Royal Sussex County Hospital. Princes Royal Hospital. Hove Polyclinic. Sussex Universities



Physical activity and exercise advice for patients with an
Implantable Cardioverter Defibrillator (ICD)


Is it safe to exercise?
The simple answer to this question is yes, but the full answer is influenced by the cause and type of your heart rhythm problems and the type of exercise you perform. The likelihood of an arrhythmia is no greater during moderate exercise than during resting but there are certain types of exercise that may increase the risk. If you exercise vigorously from rest, without a warm-up, and immediately cease exercise, without a cool down or active recovery period you increase the likelihood of arrhythmia.

How might exercise affect my ICD?
Your ICD can detect an abnormal heart rhythm (arrhythmia) in a number of ways, one of which relates to the speed of the heart during the arrhythmia. Most arrhythmias treated with ICDs will be significantly faster than your normal heart rate would reach, even with strenuous exercise.

Occasionally however, the ICD needs to be programmed to recognise abnormal heart rates that are close to those that can be achieved with exercise. For this reason, it is worthwhile to check how your ICD is programmed before undertaking anything other than recreational exercise or exercise to lose weight. If you are concerned about your safe exercise level, you should ask your ardiologist, cardiac physiologist or arrhythmia/ICD nurse specialist.

Is there any exercise I definitely can’t do?
For most forms of exercise it is recommended that someone who knows that you have an ICD accompanies you. You should ensure that you have your ICD card with you AT ALL TIMES, in case you need to be taken to hospital for any reason. You should not undertake any contact sports.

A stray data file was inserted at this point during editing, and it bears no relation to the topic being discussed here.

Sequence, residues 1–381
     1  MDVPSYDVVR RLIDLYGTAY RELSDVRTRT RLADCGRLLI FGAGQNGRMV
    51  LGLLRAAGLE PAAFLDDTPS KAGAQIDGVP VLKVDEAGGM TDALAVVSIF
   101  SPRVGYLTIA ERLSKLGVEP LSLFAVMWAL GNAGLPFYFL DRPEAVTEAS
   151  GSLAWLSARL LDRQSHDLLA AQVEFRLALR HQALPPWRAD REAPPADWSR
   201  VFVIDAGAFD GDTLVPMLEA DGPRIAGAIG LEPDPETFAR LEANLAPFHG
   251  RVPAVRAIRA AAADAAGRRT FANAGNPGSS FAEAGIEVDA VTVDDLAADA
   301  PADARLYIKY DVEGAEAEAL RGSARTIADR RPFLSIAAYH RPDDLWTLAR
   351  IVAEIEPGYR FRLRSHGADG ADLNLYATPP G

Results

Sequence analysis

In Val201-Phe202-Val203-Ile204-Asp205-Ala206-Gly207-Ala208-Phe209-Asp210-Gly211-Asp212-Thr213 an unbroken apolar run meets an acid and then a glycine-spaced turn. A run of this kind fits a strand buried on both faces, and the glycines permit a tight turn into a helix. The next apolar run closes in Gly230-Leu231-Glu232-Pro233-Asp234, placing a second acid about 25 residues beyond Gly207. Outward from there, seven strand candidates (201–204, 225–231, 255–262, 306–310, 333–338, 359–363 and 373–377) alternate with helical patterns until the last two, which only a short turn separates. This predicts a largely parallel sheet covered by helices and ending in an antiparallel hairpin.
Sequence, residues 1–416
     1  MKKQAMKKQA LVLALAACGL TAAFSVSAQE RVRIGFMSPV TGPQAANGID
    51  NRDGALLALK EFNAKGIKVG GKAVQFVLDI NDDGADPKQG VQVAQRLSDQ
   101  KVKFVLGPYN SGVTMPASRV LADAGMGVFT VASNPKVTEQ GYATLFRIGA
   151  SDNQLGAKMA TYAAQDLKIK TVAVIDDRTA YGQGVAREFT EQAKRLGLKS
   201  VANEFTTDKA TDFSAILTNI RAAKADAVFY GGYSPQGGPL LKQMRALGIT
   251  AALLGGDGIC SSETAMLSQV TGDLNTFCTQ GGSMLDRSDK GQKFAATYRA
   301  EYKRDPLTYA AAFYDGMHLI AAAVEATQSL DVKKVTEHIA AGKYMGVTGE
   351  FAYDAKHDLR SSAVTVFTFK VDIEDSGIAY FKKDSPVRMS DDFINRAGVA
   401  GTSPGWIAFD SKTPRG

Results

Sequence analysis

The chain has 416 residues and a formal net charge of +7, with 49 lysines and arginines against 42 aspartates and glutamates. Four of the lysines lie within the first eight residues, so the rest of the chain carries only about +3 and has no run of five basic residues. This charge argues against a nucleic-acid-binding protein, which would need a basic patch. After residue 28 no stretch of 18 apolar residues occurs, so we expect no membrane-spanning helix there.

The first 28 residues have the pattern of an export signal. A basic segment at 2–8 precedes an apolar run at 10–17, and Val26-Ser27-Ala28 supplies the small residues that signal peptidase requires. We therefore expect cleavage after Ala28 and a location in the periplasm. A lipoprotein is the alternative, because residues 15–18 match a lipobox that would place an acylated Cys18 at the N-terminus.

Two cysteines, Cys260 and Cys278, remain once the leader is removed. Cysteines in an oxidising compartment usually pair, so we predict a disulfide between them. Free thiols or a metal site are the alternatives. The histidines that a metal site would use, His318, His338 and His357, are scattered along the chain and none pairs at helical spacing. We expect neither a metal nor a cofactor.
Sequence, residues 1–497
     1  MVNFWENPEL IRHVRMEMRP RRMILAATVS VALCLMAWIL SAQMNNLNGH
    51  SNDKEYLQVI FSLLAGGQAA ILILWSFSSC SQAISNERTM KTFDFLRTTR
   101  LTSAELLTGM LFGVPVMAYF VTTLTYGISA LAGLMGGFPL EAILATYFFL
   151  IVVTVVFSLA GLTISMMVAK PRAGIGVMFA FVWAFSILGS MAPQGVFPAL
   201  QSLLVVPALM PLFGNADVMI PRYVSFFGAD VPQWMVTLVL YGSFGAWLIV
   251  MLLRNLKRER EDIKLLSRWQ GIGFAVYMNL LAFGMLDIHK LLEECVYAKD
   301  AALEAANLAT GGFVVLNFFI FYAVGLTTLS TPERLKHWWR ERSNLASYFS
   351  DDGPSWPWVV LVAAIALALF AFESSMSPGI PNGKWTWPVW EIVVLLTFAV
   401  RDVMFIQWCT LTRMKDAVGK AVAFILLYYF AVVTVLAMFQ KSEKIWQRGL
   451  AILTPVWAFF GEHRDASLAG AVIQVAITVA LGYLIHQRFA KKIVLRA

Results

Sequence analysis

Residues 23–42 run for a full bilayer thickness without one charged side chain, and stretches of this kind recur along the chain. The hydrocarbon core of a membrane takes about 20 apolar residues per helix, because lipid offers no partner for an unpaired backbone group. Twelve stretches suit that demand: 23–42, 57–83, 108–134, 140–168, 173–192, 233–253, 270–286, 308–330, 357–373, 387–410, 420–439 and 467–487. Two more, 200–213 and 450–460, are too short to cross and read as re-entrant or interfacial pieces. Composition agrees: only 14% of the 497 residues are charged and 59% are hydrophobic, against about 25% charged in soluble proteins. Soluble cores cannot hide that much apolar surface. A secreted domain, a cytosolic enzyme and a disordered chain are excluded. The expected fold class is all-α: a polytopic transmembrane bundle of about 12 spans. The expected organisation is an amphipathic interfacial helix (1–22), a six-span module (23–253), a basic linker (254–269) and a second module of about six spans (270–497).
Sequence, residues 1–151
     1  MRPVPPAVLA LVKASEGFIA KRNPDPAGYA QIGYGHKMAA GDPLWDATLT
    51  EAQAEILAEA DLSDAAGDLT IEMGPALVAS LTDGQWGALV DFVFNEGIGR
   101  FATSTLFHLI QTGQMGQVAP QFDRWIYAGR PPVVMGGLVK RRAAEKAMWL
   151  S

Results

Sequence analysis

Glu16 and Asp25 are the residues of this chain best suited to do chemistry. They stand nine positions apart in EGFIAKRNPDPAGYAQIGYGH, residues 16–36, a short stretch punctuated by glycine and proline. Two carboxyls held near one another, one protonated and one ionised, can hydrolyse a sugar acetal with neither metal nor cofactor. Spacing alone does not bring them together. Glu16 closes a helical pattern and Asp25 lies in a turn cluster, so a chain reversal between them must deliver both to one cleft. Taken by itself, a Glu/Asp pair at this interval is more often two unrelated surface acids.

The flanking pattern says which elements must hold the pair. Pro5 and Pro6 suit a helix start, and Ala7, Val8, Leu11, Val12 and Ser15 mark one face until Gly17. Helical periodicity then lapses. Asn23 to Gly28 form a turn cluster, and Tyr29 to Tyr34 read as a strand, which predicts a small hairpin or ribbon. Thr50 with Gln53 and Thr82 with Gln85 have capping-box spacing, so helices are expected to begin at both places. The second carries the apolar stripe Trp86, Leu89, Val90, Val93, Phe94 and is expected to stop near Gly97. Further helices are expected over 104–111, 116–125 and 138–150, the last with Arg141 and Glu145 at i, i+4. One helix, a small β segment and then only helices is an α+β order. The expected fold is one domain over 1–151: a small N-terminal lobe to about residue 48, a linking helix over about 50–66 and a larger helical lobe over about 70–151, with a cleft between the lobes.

Although the ICD itself is very tough, bruising or breaking the skin over the implant site may lead to infection. Swimming can be undertaken once the implant wound has healed fully. You will not be able to take part in any form of competitive motor sport, as you will not be eligible for an appropriate licence. Regular driving should be discussed with your cardiologist. Latest regulations for ICD patients can be found on our DVLA information page or on the DVLA website:
http://www.direct.gov.uk/en/Motor ing/ DriverLicensing/MedicalRulesForDrivers/ index.htm

You should also avoid any sport (or indeed any situation) where you might be exposed to strong
magnetic or electrical fields or a powerful radio source (radio-controlled planes, cars, boats, etc
may be a problem).

So what can I do?
Research has shown that physical activity and exercise are beneficial for people fitted with an ICD. It is likely that your underlying heart condition will have more influence on your ability to exercise than the presence of your ICD. Your underlying heart condition may limit your exercise due to shortness of breath, fatigue or chest pain - these should not be ignored.
Physical activity and exercise should be progressed slowly. The key is to avoid becoming too breathless during exercise, as this will sap your strength and make your heart work too hard. All exercise sessions should start with a warm-up and finish with a cool-down period, both of which should last for approximately ten minutes, so that your body and heart have time to adjust.
In general, most exercises should be performed standing, with horizontal (lying down) and seated arm exercises kept to a minimum. Seated arm exercise with weights may increase the workload on your heart too much leading to an increased likelihood of an arrhythmia.

Summary
Physical activity and exercise can be very useful in helping people with an ICD to become more confident and active. Exercise as described above is safe with a warm up and cool down period.

You should always contact us if you think you have had a shock. Any further questions please contact the Arrhythmia Nurse Specialist on 01273 696955 Ext 7041.

Courtesy of Arrhtyhmia Alliance. Registered Charity No. 1107496 ©2010


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